“The people of Texas are informed that, in accordance with a proclamation from the Executive of the United States, “all slaves are free.” This involves an absolute equality of personal rights and rights of property between former masters and slaves, and the connection heretofore existing between them becomes that between employer and hired labor.” This was the 3rd order issued by Maj. Gen. Gordon Granger from the Union army on June 19, 1865 when he arrived in Galveston, Texas, over two years after President Abraham Lincoln had signed the Emancipation Proclamation. Former enslaved individuals chose to use the day to honor the end of slavery and celebrate freedom. The first Juneteenth celebration was on June 19, 1866, and eventually the holiday grew as more and more states recognized the day as Freedom Day or Emancipation Day.
The holiday itself has seen many obstacles—first during World War I when it was deemed “unpatriotic” because it was labeled as a holiday celebrating a dark period of American history during a time of war; and second, during The Great Depression a lot of families moved into larger cities for jobs and were unable to get permission from employers to take time off for the holiday. However, it was revived during the civil rights movement where it thrived then and in the 1970s, with Juneteenth finally becoming a state holiday in Texas officially in 1980. The holiday has shown resilience over the past century. As of 2020, 45 states and Washington DC observe the Juneteenth holiday.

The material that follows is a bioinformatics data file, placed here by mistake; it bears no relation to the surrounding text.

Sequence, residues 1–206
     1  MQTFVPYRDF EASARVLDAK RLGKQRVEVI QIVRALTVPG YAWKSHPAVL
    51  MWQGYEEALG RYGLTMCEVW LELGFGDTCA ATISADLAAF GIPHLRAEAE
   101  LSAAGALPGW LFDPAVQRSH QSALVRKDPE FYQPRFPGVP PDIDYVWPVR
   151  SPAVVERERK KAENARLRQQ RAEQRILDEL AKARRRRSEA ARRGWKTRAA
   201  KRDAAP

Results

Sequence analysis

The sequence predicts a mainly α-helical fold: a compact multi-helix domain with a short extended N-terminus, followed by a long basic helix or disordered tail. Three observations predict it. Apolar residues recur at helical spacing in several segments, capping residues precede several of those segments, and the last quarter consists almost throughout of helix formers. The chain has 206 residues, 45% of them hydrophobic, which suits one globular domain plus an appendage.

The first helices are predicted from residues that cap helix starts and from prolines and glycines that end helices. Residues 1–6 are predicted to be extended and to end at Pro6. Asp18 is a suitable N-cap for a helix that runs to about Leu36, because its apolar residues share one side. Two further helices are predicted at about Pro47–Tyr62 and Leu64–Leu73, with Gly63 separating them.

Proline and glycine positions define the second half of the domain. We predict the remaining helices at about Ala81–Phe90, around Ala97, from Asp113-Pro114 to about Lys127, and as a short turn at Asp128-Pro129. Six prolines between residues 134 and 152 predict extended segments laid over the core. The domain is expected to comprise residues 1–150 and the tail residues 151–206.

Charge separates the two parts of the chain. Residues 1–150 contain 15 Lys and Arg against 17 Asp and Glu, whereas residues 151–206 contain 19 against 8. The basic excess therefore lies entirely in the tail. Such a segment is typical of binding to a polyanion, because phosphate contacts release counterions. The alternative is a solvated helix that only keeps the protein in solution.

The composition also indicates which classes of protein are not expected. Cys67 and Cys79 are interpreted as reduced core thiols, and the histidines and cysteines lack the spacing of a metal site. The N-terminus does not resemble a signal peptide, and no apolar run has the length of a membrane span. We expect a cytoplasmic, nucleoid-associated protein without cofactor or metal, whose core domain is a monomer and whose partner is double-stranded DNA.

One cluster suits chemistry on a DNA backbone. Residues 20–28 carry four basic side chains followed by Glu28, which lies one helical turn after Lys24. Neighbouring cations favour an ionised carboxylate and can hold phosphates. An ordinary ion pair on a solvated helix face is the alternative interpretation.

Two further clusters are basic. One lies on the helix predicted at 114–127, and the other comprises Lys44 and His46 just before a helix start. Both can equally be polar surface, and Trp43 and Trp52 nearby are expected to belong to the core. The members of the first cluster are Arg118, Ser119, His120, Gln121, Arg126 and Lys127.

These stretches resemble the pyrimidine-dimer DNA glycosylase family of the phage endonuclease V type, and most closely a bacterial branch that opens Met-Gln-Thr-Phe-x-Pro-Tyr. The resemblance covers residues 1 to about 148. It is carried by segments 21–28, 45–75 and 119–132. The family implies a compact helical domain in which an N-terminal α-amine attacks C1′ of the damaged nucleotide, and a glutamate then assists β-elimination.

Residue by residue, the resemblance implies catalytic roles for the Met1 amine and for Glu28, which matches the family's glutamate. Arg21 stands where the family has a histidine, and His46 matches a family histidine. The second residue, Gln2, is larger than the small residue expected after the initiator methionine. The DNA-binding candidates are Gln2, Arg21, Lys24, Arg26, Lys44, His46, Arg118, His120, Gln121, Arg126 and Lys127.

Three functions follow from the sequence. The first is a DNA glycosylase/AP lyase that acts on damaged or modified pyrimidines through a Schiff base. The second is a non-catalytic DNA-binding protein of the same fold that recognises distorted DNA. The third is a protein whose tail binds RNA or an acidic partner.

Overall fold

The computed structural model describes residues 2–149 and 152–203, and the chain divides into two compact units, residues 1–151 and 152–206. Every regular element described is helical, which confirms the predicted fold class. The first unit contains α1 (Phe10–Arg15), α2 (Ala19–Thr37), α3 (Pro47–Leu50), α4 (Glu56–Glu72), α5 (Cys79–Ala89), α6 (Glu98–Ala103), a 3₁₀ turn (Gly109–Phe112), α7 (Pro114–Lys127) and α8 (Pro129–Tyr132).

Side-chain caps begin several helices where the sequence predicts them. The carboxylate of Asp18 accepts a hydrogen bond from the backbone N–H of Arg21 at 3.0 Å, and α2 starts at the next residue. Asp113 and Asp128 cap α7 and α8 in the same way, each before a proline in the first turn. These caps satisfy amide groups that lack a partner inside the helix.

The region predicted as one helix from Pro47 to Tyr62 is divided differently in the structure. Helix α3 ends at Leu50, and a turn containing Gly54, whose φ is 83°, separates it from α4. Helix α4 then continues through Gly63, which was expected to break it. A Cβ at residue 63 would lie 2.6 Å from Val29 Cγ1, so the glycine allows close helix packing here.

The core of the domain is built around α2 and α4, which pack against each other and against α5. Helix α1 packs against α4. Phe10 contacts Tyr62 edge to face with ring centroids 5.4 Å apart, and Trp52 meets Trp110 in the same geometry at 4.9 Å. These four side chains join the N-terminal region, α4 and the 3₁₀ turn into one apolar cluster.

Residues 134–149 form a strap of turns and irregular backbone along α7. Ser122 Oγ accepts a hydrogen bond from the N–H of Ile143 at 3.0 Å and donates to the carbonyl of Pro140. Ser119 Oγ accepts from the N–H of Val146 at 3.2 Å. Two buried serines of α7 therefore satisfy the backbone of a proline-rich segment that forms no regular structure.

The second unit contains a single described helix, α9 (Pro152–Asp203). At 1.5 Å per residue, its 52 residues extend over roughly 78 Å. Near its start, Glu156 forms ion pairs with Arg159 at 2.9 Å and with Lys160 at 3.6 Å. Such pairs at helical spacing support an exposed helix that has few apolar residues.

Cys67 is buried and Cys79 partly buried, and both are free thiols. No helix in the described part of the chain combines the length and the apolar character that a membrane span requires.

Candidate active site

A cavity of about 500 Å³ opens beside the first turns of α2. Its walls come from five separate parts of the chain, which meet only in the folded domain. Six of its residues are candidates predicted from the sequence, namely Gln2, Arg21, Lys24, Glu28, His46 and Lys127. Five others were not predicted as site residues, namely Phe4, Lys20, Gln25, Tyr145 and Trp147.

This year, the theme for Juneteenth is “Exemplifying Our Legacy of Resilience”. While continued protest are occurring globally in light of the injustices against George Floyd, Breonna Taylor, Ahmaud Arbery, and young Black Individuals over the past decade, activists are using Juneteenth as a way to commemorate the day but also to open dialogue about how the basis of slavery and white supremacy still are deeply rooted in and affecting American society today.
RISE staff have been working towards our commitment to creating more equitable and inclusive environments for staff and participants. We know that in order to do this we must pursue education and development opportunities to grow. And as we find resources in that journey, we want to share those resources with you. As we commemorate Juneteenth today, we wish to learn with you about African American history and culture while also recognizing and supporting the movement for social change and justice for Black Lives and Communities of Color. With this, here are some ways you can observe Juneteenth, educate yourselves and your family, and invest your time and support in Black Community voices and businesses.
LOCAL EVENTS TO ATTEND
Virtual Juneteenth Weekend of Events
Kujichagulia Madison Center for Self Determination is hosting this year’s Madison Juneteenth 2020 with a full day of virtual events featuring artistic and cultural presentations, community conversations, and interactive activities. Visit their website here to receive more events information and where to sign-up for activities!